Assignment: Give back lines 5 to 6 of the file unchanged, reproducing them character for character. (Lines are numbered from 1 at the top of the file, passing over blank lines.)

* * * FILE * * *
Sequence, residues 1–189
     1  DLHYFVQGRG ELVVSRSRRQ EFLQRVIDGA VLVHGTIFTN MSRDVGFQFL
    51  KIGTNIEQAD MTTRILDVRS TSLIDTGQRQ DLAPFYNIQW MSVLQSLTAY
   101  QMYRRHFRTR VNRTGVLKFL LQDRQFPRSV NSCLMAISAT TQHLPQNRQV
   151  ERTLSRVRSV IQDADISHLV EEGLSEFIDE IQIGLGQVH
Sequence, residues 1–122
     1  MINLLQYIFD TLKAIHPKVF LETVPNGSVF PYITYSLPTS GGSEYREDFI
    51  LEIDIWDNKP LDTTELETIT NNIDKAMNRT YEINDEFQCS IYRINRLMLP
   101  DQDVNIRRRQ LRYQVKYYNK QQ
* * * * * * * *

   151  ERTLSRVRSV IQDADISHLV EEGLSEFIDE IQIGLGQVH
Sequence, residues 1–122